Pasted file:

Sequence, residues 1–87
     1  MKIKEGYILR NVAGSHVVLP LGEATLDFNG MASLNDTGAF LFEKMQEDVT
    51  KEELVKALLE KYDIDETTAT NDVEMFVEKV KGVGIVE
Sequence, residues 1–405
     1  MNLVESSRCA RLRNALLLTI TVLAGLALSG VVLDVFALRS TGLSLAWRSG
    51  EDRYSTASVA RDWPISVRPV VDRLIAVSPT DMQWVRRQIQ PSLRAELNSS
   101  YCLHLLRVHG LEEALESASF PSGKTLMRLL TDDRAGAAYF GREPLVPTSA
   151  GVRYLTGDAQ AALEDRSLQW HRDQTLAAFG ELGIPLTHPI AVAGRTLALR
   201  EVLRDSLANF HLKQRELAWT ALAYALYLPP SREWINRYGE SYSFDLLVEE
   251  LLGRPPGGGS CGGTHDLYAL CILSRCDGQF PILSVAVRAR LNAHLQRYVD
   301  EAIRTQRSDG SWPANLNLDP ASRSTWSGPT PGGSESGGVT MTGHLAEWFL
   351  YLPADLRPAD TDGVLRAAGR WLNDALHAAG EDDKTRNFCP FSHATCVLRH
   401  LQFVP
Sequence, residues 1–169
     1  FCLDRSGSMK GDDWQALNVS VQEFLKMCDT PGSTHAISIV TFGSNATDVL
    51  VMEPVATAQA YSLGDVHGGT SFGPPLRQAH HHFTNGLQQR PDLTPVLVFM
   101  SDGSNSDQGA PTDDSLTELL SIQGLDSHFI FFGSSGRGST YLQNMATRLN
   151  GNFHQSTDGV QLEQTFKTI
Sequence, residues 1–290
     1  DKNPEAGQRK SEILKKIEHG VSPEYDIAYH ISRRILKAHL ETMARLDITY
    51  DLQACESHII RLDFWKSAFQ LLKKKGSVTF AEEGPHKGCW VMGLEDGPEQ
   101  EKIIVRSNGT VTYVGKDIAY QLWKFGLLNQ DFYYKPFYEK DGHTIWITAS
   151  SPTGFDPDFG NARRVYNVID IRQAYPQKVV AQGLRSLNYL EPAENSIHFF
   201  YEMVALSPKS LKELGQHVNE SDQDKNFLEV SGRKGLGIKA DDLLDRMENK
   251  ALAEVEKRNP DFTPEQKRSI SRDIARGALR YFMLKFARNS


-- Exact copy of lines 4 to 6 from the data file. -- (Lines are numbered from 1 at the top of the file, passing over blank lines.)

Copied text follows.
Sequence, residues 1–405
     1  MNLVESSRCA RLRNALLLTI TVLAGLALSG VVLDVFALRS TGLSLAWRSG
    51  EDRYSTASVA RDWPISVRPV VDRLIAVSPT DMQWVRRQIQ PSLRAELNSS